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Salt Lake City, Utah


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 Home  »  History  »  Cinemiracle  »  'Windjammer' Filled With Thrills, Tunes
AT GLAMOR-FILLED PREMIERE - Among those attending the premiere of "Windjammer" Thursday night at the Villa were: Samuel P. Norton, president of Cinemiracle; singer Lauritz Melchior; M. Warshaw, president of Grand Central Markets; Miss Sweden; Abraham Becker, assistant director of CARE; Miss Norway; actor Tony Randall; Miss Denmark and H. L. Cox, Cinemiracle sales executive.
Deseret News, 2 September 1960, 8A

'Windjammer' Filled With Thrills, Tunes

News Entertainment Editor
Deseret News, 2 September 1960, 8A

If you have adventure in your heart and a song in your soul, you'll love "Windjammer."

The colorful, gay and enchanting film, first ever made in the process called Cinemiracle, opened Thursday night at the Villa Theater, which was re-equipped and refurbished to provide for the movie.

It's an experience as suburb as any in the motion picture world. Its producers boast that the audience is in the picture. That's true. Many in the premiere audience Thursday night said they were trying to get their land legs back a half hour after the attraction was over.

"Windjammer" tells the story of a 17,500-mile voyage of a group of Norwegian teenage boys aboard a sailing vessel. They sail the route of Columbus and then some during their nearly year-long journey.

What they see and what they do and the songs they sing make this as enchanting a trip as ever was taken by a group of boys - or by movie audiences.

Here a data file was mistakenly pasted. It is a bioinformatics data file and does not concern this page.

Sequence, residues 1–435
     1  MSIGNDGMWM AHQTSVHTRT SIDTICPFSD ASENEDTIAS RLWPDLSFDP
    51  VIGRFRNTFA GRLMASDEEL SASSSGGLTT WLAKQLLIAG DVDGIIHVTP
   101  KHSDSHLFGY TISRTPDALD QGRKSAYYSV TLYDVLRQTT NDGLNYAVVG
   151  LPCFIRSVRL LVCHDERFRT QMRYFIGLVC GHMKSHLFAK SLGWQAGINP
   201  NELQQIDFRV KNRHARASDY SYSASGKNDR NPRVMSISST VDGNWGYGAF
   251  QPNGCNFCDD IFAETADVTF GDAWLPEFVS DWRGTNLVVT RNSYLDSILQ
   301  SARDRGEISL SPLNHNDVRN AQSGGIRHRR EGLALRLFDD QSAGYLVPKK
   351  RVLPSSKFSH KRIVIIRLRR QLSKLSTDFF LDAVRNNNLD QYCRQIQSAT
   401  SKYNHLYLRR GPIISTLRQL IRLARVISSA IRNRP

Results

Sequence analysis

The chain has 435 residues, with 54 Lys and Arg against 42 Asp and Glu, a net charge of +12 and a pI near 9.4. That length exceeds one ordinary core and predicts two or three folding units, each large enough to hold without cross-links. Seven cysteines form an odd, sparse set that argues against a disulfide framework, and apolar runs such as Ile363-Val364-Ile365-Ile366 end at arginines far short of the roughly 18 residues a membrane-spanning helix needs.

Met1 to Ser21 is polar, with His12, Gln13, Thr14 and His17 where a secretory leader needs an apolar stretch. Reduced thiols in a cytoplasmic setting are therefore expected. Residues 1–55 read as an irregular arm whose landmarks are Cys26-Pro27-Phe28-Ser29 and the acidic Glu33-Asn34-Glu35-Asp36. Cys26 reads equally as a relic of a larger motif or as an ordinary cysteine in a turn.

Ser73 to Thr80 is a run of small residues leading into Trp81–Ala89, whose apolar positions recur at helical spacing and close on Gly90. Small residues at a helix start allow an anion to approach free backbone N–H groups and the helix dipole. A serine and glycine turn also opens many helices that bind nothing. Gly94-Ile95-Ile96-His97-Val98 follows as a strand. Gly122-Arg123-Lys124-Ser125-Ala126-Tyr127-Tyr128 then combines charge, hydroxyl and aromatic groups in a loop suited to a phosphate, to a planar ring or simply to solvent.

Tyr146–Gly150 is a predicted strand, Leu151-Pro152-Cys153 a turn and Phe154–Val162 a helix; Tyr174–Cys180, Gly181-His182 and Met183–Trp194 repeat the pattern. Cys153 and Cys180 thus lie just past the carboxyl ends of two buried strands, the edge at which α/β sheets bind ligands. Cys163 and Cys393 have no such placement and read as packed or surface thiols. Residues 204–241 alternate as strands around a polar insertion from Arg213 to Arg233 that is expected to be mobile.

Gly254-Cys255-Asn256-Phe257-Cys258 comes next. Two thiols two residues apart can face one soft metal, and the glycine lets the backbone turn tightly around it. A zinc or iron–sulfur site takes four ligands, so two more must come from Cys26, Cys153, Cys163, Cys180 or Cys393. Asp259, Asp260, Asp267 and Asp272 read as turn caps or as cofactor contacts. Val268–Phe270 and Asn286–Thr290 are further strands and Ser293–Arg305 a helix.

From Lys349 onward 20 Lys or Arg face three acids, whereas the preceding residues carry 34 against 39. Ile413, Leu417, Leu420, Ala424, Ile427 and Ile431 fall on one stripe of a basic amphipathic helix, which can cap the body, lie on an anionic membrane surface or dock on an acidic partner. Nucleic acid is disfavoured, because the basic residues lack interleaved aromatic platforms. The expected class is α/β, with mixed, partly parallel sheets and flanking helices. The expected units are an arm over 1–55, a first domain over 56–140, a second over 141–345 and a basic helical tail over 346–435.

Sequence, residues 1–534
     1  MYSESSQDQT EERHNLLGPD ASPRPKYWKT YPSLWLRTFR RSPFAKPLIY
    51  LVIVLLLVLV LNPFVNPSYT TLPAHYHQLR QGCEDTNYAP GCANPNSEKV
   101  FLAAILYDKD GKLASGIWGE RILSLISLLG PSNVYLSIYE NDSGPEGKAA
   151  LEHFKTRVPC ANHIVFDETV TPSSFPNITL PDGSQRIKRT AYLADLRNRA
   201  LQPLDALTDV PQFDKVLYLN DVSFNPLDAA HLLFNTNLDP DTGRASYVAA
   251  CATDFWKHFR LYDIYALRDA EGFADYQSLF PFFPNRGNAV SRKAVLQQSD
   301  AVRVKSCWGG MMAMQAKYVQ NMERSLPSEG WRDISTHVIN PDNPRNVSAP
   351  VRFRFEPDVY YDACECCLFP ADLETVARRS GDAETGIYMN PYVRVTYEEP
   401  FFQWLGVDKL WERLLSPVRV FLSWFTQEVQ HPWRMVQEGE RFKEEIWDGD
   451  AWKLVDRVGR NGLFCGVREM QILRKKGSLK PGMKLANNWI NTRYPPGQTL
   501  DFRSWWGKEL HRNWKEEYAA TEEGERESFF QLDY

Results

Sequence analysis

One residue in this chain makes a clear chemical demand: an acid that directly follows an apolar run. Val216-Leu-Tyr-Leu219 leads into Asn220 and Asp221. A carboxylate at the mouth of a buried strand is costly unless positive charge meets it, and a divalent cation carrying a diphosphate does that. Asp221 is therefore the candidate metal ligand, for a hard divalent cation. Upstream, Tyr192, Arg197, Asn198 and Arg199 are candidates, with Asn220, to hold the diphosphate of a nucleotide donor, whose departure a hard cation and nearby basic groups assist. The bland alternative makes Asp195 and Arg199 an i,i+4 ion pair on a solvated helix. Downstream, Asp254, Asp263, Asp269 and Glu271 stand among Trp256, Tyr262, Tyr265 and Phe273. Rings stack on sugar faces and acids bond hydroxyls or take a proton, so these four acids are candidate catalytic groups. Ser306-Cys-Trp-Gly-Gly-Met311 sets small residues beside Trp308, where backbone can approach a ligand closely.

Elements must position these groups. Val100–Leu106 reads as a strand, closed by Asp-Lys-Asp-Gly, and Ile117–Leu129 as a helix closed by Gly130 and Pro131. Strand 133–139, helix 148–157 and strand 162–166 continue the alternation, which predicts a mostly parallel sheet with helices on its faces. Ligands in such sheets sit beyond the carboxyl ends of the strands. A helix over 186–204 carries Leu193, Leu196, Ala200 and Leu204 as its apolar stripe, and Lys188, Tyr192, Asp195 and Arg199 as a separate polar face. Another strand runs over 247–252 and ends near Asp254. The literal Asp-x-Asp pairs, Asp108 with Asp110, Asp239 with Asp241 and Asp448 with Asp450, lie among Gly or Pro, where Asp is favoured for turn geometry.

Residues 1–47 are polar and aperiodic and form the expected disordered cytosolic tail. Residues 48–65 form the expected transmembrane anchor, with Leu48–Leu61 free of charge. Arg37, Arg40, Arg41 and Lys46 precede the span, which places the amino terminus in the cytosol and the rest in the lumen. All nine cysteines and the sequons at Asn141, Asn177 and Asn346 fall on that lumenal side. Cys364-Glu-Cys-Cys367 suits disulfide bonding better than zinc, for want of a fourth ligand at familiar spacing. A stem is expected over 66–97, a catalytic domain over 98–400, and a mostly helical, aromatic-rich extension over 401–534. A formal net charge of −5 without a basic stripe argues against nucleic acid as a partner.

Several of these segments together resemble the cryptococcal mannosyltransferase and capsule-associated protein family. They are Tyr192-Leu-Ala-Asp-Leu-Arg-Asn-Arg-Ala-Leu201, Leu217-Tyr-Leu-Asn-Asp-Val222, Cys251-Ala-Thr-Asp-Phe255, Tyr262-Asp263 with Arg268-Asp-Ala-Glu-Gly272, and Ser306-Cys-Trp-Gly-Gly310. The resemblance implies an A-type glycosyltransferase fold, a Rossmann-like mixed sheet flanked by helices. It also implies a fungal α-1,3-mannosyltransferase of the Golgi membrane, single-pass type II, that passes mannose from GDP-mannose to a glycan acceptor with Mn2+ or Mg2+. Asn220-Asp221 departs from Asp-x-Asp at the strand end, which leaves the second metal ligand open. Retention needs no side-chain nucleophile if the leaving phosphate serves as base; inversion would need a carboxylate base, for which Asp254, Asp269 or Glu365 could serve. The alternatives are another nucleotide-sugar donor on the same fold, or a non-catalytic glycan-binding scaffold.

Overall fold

This is more than a glorified travelogue, however. When the ship drops anchor at Madeira and the boys go ashore to look over the island, they take movie audiences with them. And when they ride the basket vehicles down the hilly roads of Madeira, it seems like something comparable to driving down Parleys Canyon from above the dame without brakes.

When you hear the native calypso songs at Trinidad, it's enough to set the feet of even a clodhopper to dancing. Hearing Pablo Cassals, noted cellist, play for the Windjammer boys, is an unforgettable experience. When the ship sails into New York Harbor and the screen is split into three parts with a kaleidoscope of events tumbling over each other in each segment, another highlight is born.

But there's even more to come after that. There's a rendezvous with an American Navy task force and a ride on a hook and ladder fire truck over Philadelphia streets. During the former, the Windjammer boys take turns aboard different U.S. vessels. A boy who is taken on a submarine goes skin-diving from the sub, and the Windjammer camera, after submerging with the sub, takes the audience out of the vessel and to the bottom with the boys.

The musical background is gay and lighthearted like the life of a boy on a long vacation, spiced with a dance or two.

The Cinemiracle process, which spreads the picture out on the Villa's new 100-foot curved screen, isn't perfect yet. It still shows two center lines slightly at time, distinctly at others, thus dividing the picture into three segments. However, the music, the photo formulation of the film and the scenery are enough to make audiences forget this minor fault.

The premiere crowd of "Windjammer" paid special prices, with funds, which were announced as "considerable," going to CARE for relief work in Chile. Actor Tony Randall, who was in Salt Lake for the opening of his own film, "Let's Make Love," emceed a program prior to "Windjammer."

Among those he introduced where Abraham Becker, assistant director of CARE, from New York; Samuel P. Norton, president of Cinemiracle, from New York and Los Angeles; M. Warshaw, president of Grand Central Markets, who guaranteed the financial success of the benefit performance by donating twice the price of each ticket to aid CARE's program; Lauritz Melchior, former Metropolitan Opera singer, and Miss Norway, Miss Sweden and Miss Denmark, who were visiting Salt Lake.

"Windjammer" now begins its regular roadshow engagement with 10 performances each week.